Three months ago I visited Double Ditch to assess the impact of Missouri River flooding on the view. It was astounding; any trace of sandbars had vanished beneath a wide expanse of water. Now that access to the site is no longer prohibited, I was a little curious about what it looked like:
As you can see, we now have plenty of sandbar. In fact, there are plenty of other places along the Missouri that now have plenty of sand. Welcome to the new normal!
One other thing that's noteworthy, and hard to discern from these photos because they're framed so differently, is how much farther south the sun sets in mid-September compared to June. On the longest day of the year, just four days after the top photo was taken, the sun sets much farther north. As winter creeps closer and the days grow shorter, however, the sun's track moves southward and peaks lower in the southern sky during midday. It may be interesting to return to Double Ditch on the shortest day of the year and see where it intersects the horizon; if I do so, you'll see it here.
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Boys love machines, period...it doesn't matter how old. Airplanes and helicopters are particularly cool, which is why I've always taken the time to give my little fellas plenty of exposure to aircraft. In fact, we may be taking them to the skies for a joyride this week... and Daddy is planning a video gig with plenty of helicopter work! Doesn't that all sound fun?
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If you're into photography and have not joined the Bis-Man Photo club yet, you're really missing out. This weekend marks the group's first ever photo show at the Veteran's Memorial Public Library right here in Bismarck! The show takes place in Meeting Room A (which I believe is downstairs) and the members would appreciate your vote for your favorite photo. Bob's Photo has generously donated some prizes for the BMP members whose photos receives the most votes!
Sadly, I'm unable to participate this year, but this is only one of many events that the group holds throughout the year. There are monthly "Coffee & Cameras" meetings, organization of the Bismarck-Mandan portion of the Worldwide Photo Walk coming up in October, lighting demonstrations, and more. I hope to lead an astrophotography night sometime down the road, if time ever allows.
You can find out more about the club at BisManPhoto.com. In order to support the operation of the website we do chip in a small annual membership fee, but it's more than worth it. If you'd just like to see a sampling of photography from talented local enthusiasts, then make your way to the VMPL this weekend!
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This little cluster of nonconformists stands out now, but leaves are starting to change color all over the place. Fall's right around the corner, and photographers like myself try to make the best of it. Last year the leaves didn't bother with color; they simply fell off the trees, and the snow fell. Let's hope we get to at least enjoy a typical autumn this year!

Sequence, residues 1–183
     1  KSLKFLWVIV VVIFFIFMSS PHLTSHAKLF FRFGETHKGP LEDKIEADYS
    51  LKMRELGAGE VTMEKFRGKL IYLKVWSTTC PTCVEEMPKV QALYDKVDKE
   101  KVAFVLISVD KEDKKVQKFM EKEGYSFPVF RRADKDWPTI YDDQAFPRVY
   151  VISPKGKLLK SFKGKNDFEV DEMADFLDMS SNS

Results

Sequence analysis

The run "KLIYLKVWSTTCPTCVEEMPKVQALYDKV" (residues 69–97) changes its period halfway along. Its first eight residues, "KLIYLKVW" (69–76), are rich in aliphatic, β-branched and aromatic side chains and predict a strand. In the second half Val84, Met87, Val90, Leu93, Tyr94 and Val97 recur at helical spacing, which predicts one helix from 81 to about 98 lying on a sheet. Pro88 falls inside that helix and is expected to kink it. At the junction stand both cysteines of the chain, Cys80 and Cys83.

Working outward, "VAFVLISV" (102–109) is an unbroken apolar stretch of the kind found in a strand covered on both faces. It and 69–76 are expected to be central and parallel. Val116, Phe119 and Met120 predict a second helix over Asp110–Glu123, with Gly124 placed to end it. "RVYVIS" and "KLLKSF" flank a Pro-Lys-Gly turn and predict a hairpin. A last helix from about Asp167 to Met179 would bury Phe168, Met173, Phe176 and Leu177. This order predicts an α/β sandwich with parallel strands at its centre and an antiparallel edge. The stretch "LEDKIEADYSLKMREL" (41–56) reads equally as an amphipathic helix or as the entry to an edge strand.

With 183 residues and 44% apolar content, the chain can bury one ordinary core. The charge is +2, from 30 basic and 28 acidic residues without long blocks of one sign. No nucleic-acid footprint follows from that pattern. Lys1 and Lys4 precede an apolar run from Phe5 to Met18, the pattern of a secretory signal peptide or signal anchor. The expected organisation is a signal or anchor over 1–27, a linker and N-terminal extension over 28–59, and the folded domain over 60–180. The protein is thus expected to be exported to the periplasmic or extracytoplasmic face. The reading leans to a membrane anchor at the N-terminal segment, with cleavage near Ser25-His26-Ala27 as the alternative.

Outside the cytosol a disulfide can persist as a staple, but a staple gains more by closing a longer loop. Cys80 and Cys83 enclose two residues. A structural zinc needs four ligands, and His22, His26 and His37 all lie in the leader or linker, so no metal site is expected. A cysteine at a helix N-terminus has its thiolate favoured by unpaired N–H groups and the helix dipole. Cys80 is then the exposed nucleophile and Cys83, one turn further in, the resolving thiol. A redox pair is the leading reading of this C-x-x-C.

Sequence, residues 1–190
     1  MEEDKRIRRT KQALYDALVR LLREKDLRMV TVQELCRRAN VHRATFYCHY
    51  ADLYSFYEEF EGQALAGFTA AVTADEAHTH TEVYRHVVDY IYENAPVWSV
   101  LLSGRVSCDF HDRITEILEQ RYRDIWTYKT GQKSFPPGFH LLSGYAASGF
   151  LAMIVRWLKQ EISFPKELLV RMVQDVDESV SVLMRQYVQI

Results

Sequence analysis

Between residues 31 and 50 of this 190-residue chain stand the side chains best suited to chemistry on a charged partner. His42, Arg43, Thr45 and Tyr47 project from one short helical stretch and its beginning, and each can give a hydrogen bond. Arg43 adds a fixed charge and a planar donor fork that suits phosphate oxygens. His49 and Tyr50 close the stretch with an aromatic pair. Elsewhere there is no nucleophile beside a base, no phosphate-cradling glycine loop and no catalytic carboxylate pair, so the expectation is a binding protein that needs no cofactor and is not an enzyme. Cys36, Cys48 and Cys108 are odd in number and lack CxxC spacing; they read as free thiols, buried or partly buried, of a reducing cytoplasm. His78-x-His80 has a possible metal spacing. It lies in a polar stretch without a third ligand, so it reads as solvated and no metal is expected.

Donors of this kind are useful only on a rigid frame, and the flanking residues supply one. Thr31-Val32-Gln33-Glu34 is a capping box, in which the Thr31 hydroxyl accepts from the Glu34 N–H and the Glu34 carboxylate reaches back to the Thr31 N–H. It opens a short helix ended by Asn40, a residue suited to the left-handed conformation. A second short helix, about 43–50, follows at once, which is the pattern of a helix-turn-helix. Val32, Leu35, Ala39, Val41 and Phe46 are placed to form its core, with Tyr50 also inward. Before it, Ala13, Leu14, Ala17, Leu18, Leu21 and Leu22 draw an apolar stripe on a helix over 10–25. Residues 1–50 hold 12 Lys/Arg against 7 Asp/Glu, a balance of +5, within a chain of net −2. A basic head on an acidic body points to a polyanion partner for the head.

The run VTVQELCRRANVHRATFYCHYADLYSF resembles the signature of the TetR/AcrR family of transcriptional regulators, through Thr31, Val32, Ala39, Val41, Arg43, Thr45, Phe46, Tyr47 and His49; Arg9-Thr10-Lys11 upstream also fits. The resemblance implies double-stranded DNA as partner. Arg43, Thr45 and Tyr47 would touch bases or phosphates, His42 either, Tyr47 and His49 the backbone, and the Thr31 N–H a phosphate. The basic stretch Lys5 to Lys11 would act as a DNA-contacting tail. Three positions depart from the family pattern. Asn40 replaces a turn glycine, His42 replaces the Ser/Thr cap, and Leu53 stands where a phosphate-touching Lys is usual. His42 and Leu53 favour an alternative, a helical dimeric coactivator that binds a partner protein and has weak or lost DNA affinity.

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I spent the afternoon at the commemorative ceremony at the capitol Sunday. It was an appropriate memorial of the terrorist attack on our nation (not just a "tragic event" as some say) and focused on honoring our nation as well as those who have died in its service. Here's a brief photo narrative of the day:
Governor Jack Dalrymple and his wife Betsy hosted the event.
The Mandan High School Concert Choir provided stirring music, with my friend Becca at the piano.
US Senator John Hoeven gave his remarks.
US Congressman Rick Berg also spoke.
Bismarck City Commissioner Mike Seminary represented the City of Bismarck.
Mandan City Commissioner Dennis Rohr. Of course, I'll always know him as Chief.
The Governor and First Lady stand with Senator Hoeven during the presentation of a wreath to commemorate the day. Lt. Governor Drew Wrigley is looking on in the foreground.
Bismarck Police Chief Keith Witt spoke on behalf of first responders.
Lincoln Police Officer Marcel Sim gave an account of that day,
when he was working at Ground Zero for the NYPD.
Maj. General Spry has thousands of soldiers fighting not only the Global War on Terrorism
but also natural disasters here at home.
Lt. Colonel Dean Eckmann described going to battle stations and flying CAP sorties
over Washington DC that day with the NDNG Happy Hooligans.
Jenette Nelson spoke of the loss of her daughter and how her memory lives on.
Paul Goodiron gave perhaps the most stirring speech of the day, honoring not only those who serve
but also the families who serve with them and endure their loss.
The Patriot Guard Riders had a presentation of their own to the office of the Governor.
First responders from fire, ambulance, and local law enforcement were in attendance to commemorate the day as well. I got to hang out with one of my favorite law enforcement friends and take photos.
One popular part of the day was a Blackhawk helicopter on the capitol mall, available for all to see.
Its crew were on hand to answer questions and explain the operation of the aircraft.
Then it was time to go home, tribute given and memories shared.
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